Once derided for his index funds, he now finds those kinds of funds are the mutual fund industry's bedrock.
John Bogle, founder of Vanguard, a mutual fund company, at the company's offices in Malvern, Penn., Jan. 25, 2012. After at least six heart attacks and one heart transplant, Bogle has managed to witness a triumph with his company, which was once derided for not even trying to beat the market with its index funds that are now the industry standard. (Jessica Kourkounis/The New York Times) -- PHOTO MOVED IN ADVANCE AND NOT FOR USE - ONLINE OR IN PRINT - BEFORE AUG. 12, 2012. --
Vanguard, the penny-pinching mutual fund company founded by John C. Bogle, has become a colossus. Its index funds -- once derided for not even trying to beat the market -- are now the industry standard.
And after at least six heart attacks and one heart transplant, Bogle has managed to witness this triumph. "It's all kind of a miracle," he says in a booming baritone. "It's really nice that I'm able to see this happen in my own lifetime."
With this kind of medical history, any other man of 83 might simply enjoy his success. But not John Bogle. He is still on a mission, as outspoken as ever and nearly as vigorous -- thanks, he says, to the heart of a younger man. He's not done yet.
"It's urgent that people wake up," he says. Why? He says this is the worst time for investors that he's ever seen -- and after more than 60 years in the business, that's saying a lot.
Start with the economy, the ultimate source of long-term stock market returns. "The economy has clouds hovering over it," Bogle says. "And the financial system has been damaged. The risk of a black-swan event -- of something unlikely but apocalyptic -- is small, but it's real."
Even so, he says, long-term investors must hold stocks, because as risky as the market might be, it is still likely to produce better returns than the alternatives.
"Wise investors won't try to outsmart the market," he says. "They'll buy index funds for the long term, and they'll diversify.
"But diversify into what? They need alternatives, bonds, for the most part. What's so frightening right now is that the alternatives to equities are so poor."
During the financial crises of the last several years, he said, investors have flocked to seemingly safe government bonds, driving up prices and driving down yields. The Federal Reserve and other central banks have been pushing down interest rates, too.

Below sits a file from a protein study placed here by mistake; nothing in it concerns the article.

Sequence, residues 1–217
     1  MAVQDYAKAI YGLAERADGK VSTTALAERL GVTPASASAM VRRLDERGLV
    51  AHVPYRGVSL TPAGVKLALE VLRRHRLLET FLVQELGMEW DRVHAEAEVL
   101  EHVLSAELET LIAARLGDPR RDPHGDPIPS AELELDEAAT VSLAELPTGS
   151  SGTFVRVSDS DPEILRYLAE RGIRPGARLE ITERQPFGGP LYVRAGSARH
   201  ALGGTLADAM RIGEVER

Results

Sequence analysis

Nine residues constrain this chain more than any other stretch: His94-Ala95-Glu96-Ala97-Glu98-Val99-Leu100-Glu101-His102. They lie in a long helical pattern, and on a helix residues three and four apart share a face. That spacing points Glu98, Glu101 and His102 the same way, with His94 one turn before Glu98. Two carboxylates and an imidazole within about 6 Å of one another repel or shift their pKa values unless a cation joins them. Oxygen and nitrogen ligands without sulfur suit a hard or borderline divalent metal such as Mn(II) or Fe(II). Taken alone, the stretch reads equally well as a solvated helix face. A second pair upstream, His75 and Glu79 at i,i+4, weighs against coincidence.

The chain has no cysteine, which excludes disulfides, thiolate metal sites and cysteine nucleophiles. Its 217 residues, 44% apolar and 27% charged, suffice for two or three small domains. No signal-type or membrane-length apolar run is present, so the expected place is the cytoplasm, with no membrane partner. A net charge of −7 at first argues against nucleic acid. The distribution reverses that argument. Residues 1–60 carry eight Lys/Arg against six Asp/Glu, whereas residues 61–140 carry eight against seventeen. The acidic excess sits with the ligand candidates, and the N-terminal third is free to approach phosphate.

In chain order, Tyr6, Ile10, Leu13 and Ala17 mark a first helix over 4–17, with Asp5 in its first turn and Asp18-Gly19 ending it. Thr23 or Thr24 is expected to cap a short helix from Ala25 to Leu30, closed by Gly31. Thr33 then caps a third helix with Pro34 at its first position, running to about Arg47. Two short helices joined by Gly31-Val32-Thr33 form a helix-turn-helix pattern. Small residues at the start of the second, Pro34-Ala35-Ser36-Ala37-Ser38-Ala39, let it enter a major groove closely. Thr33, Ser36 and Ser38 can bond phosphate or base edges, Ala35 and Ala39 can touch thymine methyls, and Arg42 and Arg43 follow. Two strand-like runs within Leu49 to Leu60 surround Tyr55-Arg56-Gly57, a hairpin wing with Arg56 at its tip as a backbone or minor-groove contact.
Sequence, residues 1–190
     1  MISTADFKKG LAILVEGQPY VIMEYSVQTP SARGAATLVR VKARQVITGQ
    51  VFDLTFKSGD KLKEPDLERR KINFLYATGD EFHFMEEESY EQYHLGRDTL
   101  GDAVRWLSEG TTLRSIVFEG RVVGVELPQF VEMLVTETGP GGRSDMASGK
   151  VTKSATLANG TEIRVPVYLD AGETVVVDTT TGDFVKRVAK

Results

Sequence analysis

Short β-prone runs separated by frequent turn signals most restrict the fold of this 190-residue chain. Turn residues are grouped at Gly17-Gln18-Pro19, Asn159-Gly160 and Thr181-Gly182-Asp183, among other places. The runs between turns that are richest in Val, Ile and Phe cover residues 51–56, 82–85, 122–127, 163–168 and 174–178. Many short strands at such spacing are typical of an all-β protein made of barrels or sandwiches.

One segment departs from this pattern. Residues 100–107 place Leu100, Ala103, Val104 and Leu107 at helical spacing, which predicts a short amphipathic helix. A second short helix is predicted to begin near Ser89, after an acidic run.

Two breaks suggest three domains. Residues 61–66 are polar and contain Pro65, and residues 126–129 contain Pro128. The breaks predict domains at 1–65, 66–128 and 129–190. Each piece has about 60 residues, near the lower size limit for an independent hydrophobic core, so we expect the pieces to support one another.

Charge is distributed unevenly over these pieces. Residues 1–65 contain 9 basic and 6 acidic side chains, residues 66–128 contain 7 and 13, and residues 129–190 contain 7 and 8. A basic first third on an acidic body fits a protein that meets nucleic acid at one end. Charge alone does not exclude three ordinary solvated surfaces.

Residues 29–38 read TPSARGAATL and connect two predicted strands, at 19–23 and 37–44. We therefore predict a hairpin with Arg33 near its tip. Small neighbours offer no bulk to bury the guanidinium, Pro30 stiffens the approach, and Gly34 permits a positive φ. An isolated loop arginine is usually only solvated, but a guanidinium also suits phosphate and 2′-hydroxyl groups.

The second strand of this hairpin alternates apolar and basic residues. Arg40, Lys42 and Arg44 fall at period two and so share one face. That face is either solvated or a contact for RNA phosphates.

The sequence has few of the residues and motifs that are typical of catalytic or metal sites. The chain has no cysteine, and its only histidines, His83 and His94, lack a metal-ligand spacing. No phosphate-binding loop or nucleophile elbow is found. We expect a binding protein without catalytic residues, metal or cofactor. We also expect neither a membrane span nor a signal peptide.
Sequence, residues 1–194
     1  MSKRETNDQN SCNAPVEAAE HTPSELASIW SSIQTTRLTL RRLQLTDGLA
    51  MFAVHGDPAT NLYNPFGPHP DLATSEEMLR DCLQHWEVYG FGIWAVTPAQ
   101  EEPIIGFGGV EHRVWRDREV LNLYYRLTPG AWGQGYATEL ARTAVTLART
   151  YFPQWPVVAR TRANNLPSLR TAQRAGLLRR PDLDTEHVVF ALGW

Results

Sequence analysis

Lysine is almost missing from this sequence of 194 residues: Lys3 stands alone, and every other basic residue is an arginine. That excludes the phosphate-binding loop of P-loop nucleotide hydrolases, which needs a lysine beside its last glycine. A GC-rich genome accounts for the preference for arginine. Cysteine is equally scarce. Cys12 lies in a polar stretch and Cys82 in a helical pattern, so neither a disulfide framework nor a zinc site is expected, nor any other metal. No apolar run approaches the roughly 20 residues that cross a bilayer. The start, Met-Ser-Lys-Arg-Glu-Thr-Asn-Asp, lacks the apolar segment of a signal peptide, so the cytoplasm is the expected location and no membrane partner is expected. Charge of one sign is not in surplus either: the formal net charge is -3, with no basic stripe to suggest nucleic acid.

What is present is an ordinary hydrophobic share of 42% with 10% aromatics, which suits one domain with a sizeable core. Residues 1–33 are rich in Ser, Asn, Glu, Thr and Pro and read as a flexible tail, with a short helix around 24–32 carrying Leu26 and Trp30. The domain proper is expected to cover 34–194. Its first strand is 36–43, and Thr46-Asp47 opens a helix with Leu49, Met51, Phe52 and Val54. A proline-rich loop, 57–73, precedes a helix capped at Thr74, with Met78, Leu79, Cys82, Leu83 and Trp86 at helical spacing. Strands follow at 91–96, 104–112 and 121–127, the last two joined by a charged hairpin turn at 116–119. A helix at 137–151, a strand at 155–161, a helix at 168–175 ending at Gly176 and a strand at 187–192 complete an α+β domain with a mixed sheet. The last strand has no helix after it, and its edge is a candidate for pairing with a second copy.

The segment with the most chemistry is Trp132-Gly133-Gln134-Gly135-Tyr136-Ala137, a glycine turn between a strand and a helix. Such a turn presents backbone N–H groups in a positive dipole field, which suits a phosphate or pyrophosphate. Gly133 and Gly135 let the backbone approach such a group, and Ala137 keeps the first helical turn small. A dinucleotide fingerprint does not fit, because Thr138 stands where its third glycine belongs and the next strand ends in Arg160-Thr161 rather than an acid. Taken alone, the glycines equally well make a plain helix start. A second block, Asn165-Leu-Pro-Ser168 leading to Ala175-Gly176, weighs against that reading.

But low yields today predict low returns later, he says, and "the outlook for bonds over the next decade is really terrible."
Dark as this outlook may be, he says, people need to "stay the course" if they are to have hope of buying homes or putting children through college or retiring in comfort.
He is still preaching the gospel of long-term, low-cost investing. "My ideas are very simple," he says: "In investing, you get what you don't pay for. Costs matter. So intelligent investors will use low-cost index funds to build a diversified portfolio of stocks and bonds, and they will stay the course.''
Still, because the market and the economy are deeply troubled, it's time for action on many fronts, he says: "We've really got no choice. We've got to fix this system. All of us, as individuals, need to do it."
That's the message of his latest and 11th book, "The Clash of the Cultures: Investment vs. Speculation" (Wiley & Sons, $29.95). It offers a scathing critique of the financial services industry and updated guidance for investors. "A culture of short-term speculation has run rampant," he writes, "superseding the culture of long-term investment that was dominant earlier in the post-World War II era."
Too much money is aimed at short-term speculation -- the seeking of quick profit with little concern for the future. The financial system has been wounded by a flood of so-called innovations that merely promote hyper-rapid trading, market timing and shortsighted corporate maneuvering. Individual investors are being shortchanged, he writes.
He advocates taxes to discourage short-term speculation. He wants limits on leverage, transparency for financial derivatives, stricter punishments for financial crimes and, perhaps most urgently, a unified fiduciary standard for all money managers: "A fiduciary standard means, basically, put the interests of the client first. No excuses. Period."
Bogle sometimes disagrees with current Vanguard management, but he remains proud of the company he created. Index funds are ever-more popular, and Vanguard is gushing money, torrents of it. Thanks largely to its various index funds, Vanguard, based near Valley Forge, Pa., pulled in a net $87.7 billion in cash this year through June, excluding money market funds. That's nearly 40 percent of the cash flow of the entire mutual fund industry.
Burton Malkiel, the Princeton economist and author of "A Random Walk Down Wall Street," said: "Index funds are so popular now that it's easy to forget how courageous and tenacious Jack Bogle was in starting them. They were called Bogle's Folly because all they did was replicate the returns of the market. But, of course, that's a great deal. In the academic world, many people saw the wisdom of this -- but Jack is the guy who actually made it happen."
Bogle also tried to ensure that Vanguard funds would always be inexpensive to buy and hold. While Vanguard is his baby, he has never had an ownership stake in it, aside from the shares he holds in its mutual funds. Vanguard fund shareholders own the place collectively because he planned it that way.
"Strategy follows structure," he says, explaining that with no parent company or private owners to siphon profits, Vanguard can keep costs lower than anyone else. "The only way anyone can really compete with us on costs is to adopt a mutual ownership structure," he said. "I've been waiting all these years for someone to do it, but no one has."